Rosh Hashanah is a time for celebrating, for spending time with family, for eating fantastic meals, for praying and for reflecting. It’s also the best opportunity our rabbis have for teaching us. The crowds are just about as large as they will be for Yom Kippur, and, without the distractions of hunger and the imminent closure of the ledger on who will and won’t die in the coming year, those audiences are even more attentive.
Given that each of us can be in only one shul at a time, one reason for the community messages in our Rosh Hashanah issue is to provide a sampling of the wisdom available across Jewish Atlanta. Sometimes particularly strong High Holiday sermons emerge, and we might be able to bring you examples in the coming weeks. For example, I’ve heard praise for what Rabbi David Spinrad said about Israel at The Temple and how Rabbi Ari Kaiman at Congregation Shearith Israel addressed the unsettling feeling for a community when someone, such as 25-year-old Jenna Van Gelderen, is missing.
At my home synagogue, Temple Kol Emeth, Rabbi Steven Lebow offered a perennial topic on Day 1: the need for Jewish parents to show their children that Judaism is important. He started with the example of Esau, who was willing to sell his birthright to Jacob for a meal because his parents, Isaac and Rebecca, failed to instill in him the importance of the still-new faith of Abraham.
Contemporary failures included a mother who let a daughter skip religious school to participate in competitive cheering, then told Rabbi Lebow that the resulting challenge in preparing her daughter to become a bat mitzvah was his problem, and a father who sent a son to a Jewish summer camp for the first, time then got upset when his son was so inspired by the experience that he wanted to go to Shabbat services every Friday night.
The bottom line: Parents can’t expect Judaism to matter to their children if it doesn’t matter to them.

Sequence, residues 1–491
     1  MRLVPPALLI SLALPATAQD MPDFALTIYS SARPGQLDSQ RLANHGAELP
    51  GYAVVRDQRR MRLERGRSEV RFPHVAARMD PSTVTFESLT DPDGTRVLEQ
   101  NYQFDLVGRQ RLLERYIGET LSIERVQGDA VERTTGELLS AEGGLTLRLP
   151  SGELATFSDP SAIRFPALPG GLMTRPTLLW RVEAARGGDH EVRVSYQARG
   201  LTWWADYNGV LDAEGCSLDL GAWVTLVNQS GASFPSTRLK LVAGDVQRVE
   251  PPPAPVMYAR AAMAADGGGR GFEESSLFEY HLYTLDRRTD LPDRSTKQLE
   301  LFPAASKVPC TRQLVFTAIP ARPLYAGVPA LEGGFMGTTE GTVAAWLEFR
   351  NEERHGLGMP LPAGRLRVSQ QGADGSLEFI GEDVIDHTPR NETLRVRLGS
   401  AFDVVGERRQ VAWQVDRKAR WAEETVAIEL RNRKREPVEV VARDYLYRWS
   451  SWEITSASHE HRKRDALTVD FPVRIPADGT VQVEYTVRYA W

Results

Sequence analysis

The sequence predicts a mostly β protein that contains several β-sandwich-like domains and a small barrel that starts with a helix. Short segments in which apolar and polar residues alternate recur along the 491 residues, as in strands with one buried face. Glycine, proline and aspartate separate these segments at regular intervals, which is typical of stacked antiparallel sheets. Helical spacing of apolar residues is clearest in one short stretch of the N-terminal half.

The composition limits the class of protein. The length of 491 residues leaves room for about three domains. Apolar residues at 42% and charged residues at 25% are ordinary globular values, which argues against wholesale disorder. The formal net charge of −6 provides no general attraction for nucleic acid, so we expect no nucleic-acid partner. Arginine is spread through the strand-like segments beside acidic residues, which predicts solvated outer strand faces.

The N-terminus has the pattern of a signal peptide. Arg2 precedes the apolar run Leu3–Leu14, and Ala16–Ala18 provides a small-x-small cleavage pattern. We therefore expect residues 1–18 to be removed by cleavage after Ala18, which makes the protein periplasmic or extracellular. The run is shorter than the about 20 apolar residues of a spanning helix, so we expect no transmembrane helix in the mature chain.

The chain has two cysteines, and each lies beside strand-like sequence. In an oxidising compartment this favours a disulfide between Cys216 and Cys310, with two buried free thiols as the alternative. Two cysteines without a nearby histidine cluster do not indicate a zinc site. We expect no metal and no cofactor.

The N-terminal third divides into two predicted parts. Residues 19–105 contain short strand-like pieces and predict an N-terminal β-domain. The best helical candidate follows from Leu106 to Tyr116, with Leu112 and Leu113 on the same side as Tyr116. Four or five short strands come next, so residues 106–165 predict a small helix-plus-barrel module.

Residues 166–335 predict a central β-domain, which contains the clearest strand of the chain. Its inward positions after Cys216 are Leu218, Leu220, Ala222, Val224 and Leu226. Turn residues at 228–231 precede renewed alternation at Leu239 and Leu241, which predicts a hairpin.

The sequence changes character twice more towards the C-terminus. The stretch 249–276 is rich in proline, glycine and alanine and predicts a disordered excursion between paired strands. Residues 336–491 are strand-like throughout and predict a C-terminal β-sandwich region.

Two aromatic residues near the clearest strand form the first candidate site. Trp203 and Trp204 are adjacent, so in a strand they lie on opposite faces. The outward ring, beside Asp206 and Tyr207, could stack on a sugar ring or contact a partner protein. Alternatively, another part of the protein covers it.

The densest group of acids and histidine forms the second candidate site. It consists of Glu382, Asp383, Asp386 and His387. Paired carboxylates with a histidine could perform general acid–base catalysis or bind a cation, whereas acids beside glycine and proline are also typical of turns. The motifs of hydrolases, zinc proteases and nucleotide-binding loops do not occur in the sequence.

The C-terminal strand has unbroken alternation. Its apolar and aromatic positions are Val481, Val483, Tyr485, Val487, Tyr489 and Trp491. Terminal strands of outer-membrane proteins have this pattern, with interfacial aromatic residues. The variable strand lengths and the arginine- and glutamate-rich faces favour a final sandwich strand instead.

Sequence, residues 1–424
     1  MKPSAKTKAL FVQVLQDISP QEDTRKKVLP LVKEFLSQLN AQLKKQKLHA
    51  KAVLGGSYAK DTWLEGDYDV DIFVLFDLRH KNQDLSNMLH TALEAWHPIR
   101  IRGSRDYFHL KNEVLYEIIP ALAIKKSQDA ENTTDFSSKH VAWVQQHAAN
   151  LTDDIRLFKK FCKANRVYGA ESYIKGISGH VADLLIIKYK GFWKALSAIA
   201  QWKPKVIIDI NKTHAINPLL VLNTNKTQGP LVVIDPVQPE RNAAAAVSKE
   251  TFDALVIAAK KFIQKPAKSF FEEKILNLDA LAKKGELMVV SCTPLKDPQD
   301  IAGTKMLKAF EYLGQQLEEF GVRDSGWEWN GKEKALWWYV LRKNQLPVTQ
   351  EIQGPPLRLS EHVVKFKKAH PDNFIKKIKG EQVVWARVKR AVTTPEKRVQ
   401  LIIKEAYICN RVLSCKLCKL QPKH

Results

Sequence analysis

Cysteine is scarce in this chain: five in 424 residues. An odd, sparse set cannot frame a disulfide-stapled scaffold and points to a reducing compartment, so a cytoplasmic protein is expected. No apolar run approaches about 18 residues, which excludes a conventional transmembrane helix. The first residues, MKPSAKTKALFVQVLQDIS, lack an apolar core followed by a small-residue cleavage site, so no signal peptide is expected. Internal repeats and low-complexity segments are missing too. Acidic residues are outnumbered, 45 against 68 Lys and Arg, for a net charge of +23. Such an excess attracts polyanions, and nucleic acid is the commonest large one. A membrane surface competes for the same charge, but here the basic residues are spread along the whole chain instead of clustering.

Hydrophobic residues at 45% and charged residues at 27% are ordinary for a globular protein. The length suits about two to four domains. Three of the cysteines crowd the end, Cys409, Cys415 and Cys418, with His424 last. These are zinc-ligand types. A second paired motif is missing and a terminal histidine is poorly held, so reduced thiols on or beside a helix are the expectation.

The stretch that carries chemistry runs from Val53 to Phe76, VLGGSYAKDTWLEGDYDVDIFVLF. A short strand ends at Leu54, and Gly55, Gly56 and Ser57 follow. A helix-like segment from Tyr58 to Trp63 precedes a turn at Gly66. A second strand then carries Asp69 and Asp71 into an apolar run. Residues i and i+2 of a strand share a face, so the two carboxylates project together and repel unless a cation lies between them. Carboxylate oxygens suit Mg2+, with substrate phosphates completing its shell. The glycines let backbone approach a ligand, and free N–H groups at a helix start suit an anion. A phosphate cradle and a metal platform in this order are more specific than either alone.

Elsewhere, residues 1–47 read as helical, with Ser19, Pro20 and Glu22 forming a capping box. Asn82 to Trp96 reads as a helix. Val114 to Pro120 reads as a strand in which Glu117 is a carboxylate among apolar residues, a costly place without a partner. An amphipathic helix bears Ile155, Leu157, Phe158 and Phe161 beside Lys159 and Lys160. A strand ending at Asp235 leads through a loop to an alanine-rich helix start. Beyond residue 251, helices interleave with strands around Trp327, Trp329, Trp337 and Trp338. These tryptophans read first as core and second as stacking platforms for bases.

Rabbi Lebow said it felt good to do a bit of chiding of his congregation after 31 years.
Luckily, my parents didn’t need any chastising, although they were there to hear the message. They showed the importance of Judaism to me and their grandsons by making the trip down from Virginia for the holiday.
Their visit, however, provided a reminder that you never stop learning from your parents.
Mom and I went down the street to Congregation Etz Chaim for Shabbat Shuvah and had a warm welcome from Rabbi Daniel Dorsch. During the Kiddush luncheon, Mom somehow shared a new piece of family history.
I knew that her parents, the children of early 20th century immigrants from the Kiev area, met at a meeting of young Communists in Brooklyn. I don’t know what motivated my grandfather to attend; he went on to found and run an industrial business in North Carolina. My grandmother made no secret of her interest: Such meetings were where you found cute Jewish boys.
What I didn’t know is that my bubbe’s mother didn’t believe that my grandfather was Jewish. He looked Italian, and his fluent Yiddish didn’t prove anything at a time when Italian and Jewish immigrants lived in mixed neighborhoods.
So Ida Milgram, who spoke no English, made her way via public transit across the river to New Jersey to call on the parents of her daughter’s suitor, only to find not only that they were Jewish, but also that they came from the same area of the Russian Empire. The two families almost had a marriage a couple of generations earlier.
Fortunately for me, the Old Country match didn’t happen, but the New World one did. And following Mom’s Shabbat example helped fill an unknown gap in my family story.